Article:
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Dr Henry Lovat

Senior Lecturer in International Law

Henry Lovat is a Senior Lecturer in International Law and Politics within the School of Law.

Henry has published widely on international law issues, including on treaty interpretation, multilateral treaty regime design, and the dynamics of international adjudication, including pushback and backlash against international courts. Substantive areas of interest include:

•The law of armed conflict
•International criminal law and practice
•International trade law and governance
•International, particularly European, human rights law
•Interdisciplinary approaches to International Law and International Relations

Henry is currently a UKRI Policy Fellow with the Scottish Government, where he is seconded to the Trade and Investment Directorate.

He was formerly a legal adviser with the UK Government, prior to which he was in private practice as an English-qualified solicitor and worked with UNHCR in Bosnia-Herzegovina. Henry has also worked as an international legal consultant on human rights issues with the Council of Europe, with UNRWA in Jerusalem, and with a range of UK and international NGOs.

Henry is Co-Convenor of the British International Studies Association, and is a member of the Law Society of Scotland Trade Policy Working Group. He is also a member of the Advisory Council of CCJO Rene Cassin.
Henry holds degrees from the Hebrew University of Jerusalem (PhD International Relations), University of Toronto (LLM), McGill University (MA Political Science), and the University of Manchester (BA (Hons) Philosophy and Politics).

Below is a list of key publications. For a full list please click on the following links:

University of Glasgow Profile

0000-0002-4325-3433

Publications

International Adjudication and Its Discontents: A Pluralist Approach to International Tribunal Backlash

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International tribunal backlash remains poorly understood: hampered by conceptual challenges, systematic research into the causes of this phenomenon remains nascent. The present article makes two contributions to advancing this endeavour. First, building on existing literature, it sets out a working definition of international tribunal backlash, tailored to facilitate mixed method empirical research into the causes of backlash across institutions and sectors. Second, drawing on international relations’ pluralist turn, the article provides an analytically eclectic theoretical scaffold for causal analysis of international tribunal backlash, enabling standardised cross-institutional and sectoral comparison without over-simplifying the complexity of backlash in various instances. The article accordingly provides the building blocks for improved understanding of the causes of – and the potential scope to manage – international tribunal backlash across institutions, regions and sectors.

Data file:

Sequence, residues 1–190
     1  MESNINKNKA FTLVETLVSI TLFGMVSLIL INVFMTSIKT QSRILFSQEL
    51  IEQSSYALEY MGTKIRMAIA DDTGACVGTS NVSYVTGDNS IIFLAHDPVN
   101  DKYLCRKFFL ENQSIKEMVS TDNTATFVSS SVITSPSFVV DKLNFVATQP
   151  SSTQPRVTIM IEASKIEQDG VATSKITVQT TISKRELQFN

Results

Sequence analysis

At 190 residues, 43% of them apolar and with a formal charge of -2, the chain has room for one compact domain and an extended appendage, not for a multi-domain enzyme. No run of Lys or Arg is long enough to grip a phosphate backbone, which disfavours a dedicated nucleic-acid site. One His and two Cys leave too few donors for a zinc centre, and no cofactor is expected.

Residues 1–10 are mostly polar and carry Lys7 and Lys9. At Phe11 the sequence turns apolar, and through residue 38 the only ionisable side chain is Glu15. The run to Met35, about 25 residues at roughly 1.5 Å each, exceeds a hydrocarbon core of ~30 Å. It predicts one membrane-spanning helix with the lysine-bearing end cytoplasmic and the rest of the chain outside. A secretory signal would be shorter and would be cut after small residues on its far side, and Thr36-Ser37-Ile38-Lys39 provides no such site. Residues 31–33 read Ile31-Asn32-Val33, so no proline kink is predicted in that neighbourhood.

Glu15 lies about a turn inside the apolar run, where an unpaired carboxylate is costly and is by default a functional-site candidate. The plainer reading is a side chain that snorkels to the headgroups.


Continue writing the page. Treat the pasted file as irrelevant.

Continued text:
Negotiating Civil War: the Politics of International Regime Design

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Civil war has been a fact of political life throughout recorded history. However, unlike inter-state wars, international law has not traditionally regulated such conflicts. How then can we explain the post-1945 emergence and evolution of international treaty rules regulating the conduct of internal armed conflict: the 'Civil War Regime'? Negotiating Civil War combines insights derived from Realist, Rationalist, Liberal, and Constructivist approaches to International Relations to answer this question, revisiting the negotiation of the 1949 Geneva Conventions, the 1977 Additional Protocols, and the 1998 Rome Statute of the International Criminal Court. This study provides a rigorous, critical account of the making of the Civil War Regime. Sophisticated and persuasive, it illustrates the complex interplay of material, ideational, social, and strategic factors in shaping these rules with important lessons for the making and unmaking of international law in a rapidly shifting international political, economic, and security environment.